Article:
The United Nations Food and Agriculture Organization (FAO), together with other international and regional partners, promotes a holistic and multidisciplinary approach to advocate for the initiative ” one health “ has become more than necessary in West Africa.
For FAO, the approach “One Health” is a prerequisite to ensure the protection of public and animal health, agro-ecological resilience, biodiversity protection, efficient use of natural resources, and safety of food supply chains.
In the African context, where the Ebola virus disease has led to tens of thousands of deaths, negatively impacting socio-economic activities of communities and countries for months between 2014 and 2016, the implementation of the approach «One health “now appears essential.
The growing threat of the outbreak of highly pathogenic avian influenza H5N1 is another proof. Today, it spreads very rapidly in West and Central Africa and is potentially a major threat to public health, which could also have negative socio-economic impacts.
“FAO is convinced that the fight against animal diseases, including zoonotic emerging diseases require tackle them from their animal sources,” said Representative of FAO in Senegal, Patrick David, at the opening ceremony of the technical and ministerial meeting “One health” on zoonoses and threats to public health (8-11 November 2016).
“This meeting will allow us to be a milestone in the formulation of an agenda for the effective and sustainable implementation of the approach ‘One Health’,” he added.
Discussions for an effective agenda
“Despite the significant progress made by the region, the health situation in the ECOWAS region is still characterized by the burden of communicable and noncommunicable diseases, the emergence and / or reemergence of some diseases in a context of weakness of our systems health “, raised Xavier Crespin, Director General of WAHO , also detailing the main activities implemented by the organization through its strategic plan 2016-2020, the development of the Regional Centre for Prevention and Disease Control (CRSCM ).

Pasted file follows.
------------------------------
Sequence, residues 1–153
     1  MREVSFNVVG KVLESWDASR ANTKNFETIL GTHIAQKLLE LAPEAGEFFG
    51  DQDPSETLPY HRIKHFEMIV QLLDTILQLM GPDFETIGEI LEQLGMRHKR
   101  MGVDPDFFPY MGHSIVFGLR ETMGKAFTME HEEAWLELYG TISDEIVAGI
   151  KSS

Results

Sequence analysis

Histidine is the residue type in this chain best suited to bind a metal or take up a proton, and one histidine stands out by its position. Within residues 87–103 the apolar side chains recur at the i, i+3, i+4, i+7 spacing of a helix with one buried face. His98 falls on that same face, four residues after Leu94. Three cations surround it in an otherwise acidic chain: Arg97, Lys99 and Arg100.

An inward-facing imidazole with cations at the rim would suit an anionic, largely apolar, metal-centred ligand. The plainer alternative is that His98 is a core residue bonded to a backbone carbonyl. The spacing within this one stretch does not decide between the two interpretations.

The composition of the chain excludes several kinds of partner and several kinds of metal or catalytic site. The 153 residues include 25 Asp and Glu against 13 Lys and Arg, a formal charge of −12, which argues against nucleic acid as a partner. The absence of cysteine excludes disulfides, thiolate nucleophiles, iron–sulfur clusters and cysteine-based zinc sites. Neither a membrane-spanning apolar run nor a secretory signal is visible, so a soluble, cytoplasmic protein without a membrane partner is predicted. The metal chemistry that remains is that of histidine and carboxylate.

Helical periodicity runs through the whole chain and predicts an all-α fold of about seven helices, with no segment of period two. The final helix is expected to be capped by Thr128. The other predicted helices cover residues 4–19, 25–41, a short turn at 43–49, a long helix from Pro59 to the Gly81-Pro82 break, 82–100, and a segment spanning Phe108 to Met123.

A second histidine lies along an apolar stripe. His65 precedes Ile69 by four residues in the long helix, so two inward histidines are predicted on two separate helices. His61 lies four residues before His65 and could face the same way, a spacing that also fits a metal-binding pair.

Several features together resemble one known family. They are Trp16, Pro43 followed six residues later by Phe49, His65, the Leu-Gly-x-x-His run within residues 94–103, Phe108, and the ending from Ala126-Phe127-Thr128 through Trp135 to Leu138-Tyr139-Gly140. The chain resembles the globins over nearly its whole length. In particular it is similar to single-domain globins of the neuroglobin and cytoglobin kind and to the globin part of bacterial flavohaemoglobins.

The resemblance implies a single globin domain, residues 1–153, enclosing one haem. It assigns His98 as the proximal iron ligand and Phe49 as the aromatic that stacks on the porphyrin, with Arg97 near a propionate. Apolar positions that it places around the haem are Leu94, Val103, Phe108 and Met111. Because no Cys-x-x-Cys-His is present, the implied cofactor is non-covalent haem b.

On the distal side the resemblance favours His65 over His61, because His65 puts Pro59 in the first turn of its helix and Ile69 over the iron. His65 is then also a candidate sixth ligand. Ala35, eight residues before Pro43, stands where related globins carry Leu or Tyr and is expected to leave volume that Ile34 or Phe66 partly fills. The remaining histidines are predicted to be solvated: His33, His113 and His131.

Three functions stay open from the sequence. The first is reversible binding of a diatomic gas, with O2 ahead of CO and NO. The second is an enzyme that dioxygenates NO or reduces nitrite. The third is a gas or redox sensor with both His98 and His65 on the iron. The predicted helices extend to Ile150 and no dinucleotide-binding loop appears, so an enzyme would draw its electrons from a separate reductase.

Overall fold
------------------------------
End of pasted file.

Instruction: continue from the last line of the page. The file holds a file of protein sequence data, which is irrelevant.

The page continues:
To the representative of the World Health Organization (WHO) in Senegal, Deo Nshimirimana, countries must always have the capacity to monitor, detect, assess, notify, report events, to organize the response.
Karim Tounkara, Regional Representative of the OIE has, meanwhile, said that the world today is characterized by an unprecedented movement of people and commodities, causing a rapid movement of pathogens. “These individuals and amenities, transported faster than the average incubation period of most epizootic diseases, cause the emergence and re-emergence of many zoonotic diseases, against which a new approach is needed.”
During the first day of the meeting, the participants and the authorities agreed on the need for a new approach and that of speeding up efforts. The technical meeting should lead to recommendations for an agenda “One Health” for West Africa, which will be subject to the approval of ministers during the high-level ministerial session to be held on November 11, 2016.
About the ministerial session of high level
The ministerial session of high-level, organized by WHO, FAO, OIE, WAHO RAHC, the United States Agency for International Development (USAID), the US Centers for Control and Prevention diseases (CDC) and the World Bank, aims to accelerate the adoption and implementation of the initiative “One health” in West Africa, to strengthen prevention devices, detection and response the growing threat of emerging infectious diseases, including zoonoses and antimicrobial resistance (AMR).
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